Date: 13 December 2023 Author: Szymon Polewka

Ukraine to Change Conscription Rules

The protracted war consumes vast human and material resources that influence the military and political successes of both warring parties. While in Ukraine much of wartime logistics are influenced by external factors, in Russia domestic resources usually prevail. Among all the factors of waging war, none is as fundamental as the trained human resource manifested on the front in the form of conscripts.

SOURCE: Heathcliff O’Malley

Many Ukrainian and Russian families are indeed showing war fatigue. Polish daily Rzeczpospolita reported that war-weary families of Ukrainian soldiers gathered on the streets of Ukrainian cities to demand a cap on mandatory military service. In a move that somewhat reflected war fatigue in Ukraine, in late November, Ukrainian President Volodymyr Zelensky agreed to demobilize some conscripts, summoned to the military service. Consequently, the Ukrainian military is looking for 30,000 recruits to be sent to the front.

Zelensky’s comments coincided with Kremlin leader Vladimir Putin’s signing of a decree ordering an increase of 130,000 in the Russian armed forces. Consequently, the regular strength of the armed forces is now set at 1,320,000 servicemen. To make matters worse, Ukrainian men flee the country to avoid fighting. A BBC Ukraine analysis of Eurostat data indicates that up to 768,000 men aged 18 to 64 currently have official temporary protection status in the EU.

British newspaper The Guardian cited a senior Ukrainian official saying that Ukraine was planning to change conscription practices to include the use of commercial recruitment firms to carry out more targeted conscription and also to reassure conscripts they would be deployed in roles that match their skills. The purpose is to involve conscripts in activities without deploying them to regular fighting.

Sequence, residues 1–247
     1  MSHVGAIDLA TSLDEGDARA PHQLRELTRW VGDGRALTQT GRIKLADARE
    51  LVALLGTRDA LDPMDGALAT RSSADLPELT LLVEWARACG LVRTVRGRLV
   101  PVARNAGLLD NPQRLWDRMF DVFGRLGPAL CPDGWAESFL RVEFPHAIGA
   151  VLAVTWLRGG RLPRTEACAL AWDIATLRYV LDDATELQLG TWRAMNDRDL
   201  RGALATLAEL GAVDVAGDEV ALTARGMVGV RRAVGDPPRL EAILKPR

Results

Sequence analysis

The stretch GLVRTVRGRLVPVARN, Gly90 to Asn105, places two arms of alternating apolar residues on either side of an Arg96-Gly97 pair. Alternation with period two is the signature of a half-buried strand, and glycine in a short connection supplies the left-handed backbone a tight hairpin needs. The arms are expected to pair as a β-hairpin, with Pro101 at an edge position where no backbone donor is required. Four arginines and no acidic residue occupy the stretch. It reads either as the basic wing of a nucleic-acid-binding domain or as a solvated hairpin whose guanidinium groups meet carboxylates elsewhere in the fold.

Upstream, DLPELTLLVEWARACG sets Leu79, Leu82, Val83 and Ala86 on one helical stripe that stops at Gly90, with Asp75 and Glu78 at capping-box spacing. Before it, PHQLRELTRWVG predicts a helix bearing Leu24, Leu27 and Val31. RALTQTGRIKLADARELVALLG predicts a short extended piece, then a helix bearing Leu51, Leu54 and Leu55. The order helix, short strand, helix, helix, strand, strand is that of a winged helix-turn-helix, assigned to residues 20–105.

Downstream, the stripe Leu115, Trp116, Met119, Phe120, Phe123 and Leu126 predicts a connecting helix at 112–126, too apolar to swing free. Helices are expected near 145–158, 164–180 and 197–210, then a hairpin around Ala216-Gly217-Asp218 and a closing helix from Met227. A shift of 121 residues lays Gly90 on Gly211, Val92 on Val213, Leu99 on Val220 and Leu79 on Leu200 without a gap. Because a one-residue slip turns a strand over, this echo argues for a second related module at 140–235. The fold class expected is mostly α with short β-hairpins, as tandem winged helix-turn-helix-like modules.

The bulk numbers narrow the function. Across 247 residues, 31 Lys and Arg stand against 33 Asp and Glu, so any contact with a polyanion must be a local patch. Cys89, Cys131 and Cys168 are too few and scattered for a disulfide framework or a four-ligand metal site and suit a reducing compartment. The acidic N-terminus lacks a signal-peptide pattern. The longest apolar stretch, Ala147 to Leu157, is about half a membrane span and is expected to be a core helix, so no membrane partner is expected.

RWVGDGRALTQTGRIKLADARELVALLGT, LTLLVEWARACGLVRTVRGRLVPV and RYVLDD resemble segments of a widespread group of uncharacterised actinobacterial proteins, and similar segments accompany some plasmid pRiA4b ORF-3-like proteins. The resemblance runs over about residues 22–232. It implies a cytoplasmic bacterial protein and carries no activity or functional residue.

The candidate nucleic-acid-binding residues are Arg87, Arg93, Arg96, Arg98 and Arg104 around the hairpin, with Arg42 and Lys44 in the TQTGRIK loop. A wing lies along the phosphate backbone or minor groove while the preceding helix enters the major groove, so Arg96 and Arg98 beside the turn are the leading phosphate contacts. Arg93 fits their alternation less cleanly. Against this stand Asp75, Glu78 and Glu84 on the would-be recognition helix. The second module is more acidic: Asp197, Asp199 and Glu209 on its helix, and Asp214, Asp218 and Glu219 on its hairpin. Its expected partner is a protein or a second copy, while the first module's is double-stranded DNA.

Despite the setback of the Ukrainian counteroffensive and increasing war fatigue, 94 percent of Ukrainians believe in Ukraine’s victory in Russia’s full-scale war. As the Kremlin is still determined to wage the war, Ukraine has no other choice but to involve new conscripts. It is now all up to Ukrainian authorities to boost morale and to soldiers, tasked with defending the country.
 
References:

Ron Popeski, Oleksandr Kozhukhar, Zelenskiy says change needed in Ukraine’s mobilisation system, Reuters, December 1, 2023.

https://www.reuters.com/world/europe/zelenskiy-says-change-needed-ukraines-mobilisation-

Rusłan Szoszyn, Jak Ukraina i Rosja mobilizują żołnierzy, Rzeczpospolita, November 29, 2023.

https://www.rp.pl/konflikty-zbrojne/art39485491-jak-ukraina-i-rosja-mobilizuja-zolnierzy

Tetyana Oliynyku, Ukraine may change approach to mobilisation this week – The Guardian, Ukrainska Pravda, November 27, 2023.

https://www.pravda.com.ua/eng/news/2023/11/27/7430637/

Witold Rodkiewicz Tadeusz Iwański, Długa wojna. Ukraina i Rosja po niepowodzeniu ukraińskiej kontrofensywy, Ośrodek Studiów Wschodnich, November 16, 2023.

https://www.osw.waw.pl/pl/publikacje/komentarze-osw/2023-11-16/dluga-wojna-ukraina-i-rosja-po-niepowodzeniu-ukrainskiej

Support Us

If content prepared by Warsaw Institute team is useful for you, please support our actions. Donations from private persons are necessary for the continuation of our mission.

Support

All texts published by the Warsaw Institute Foundation may be disseminated on the condition that their origin is credited. Images may not be used without permission.

Related posts
Top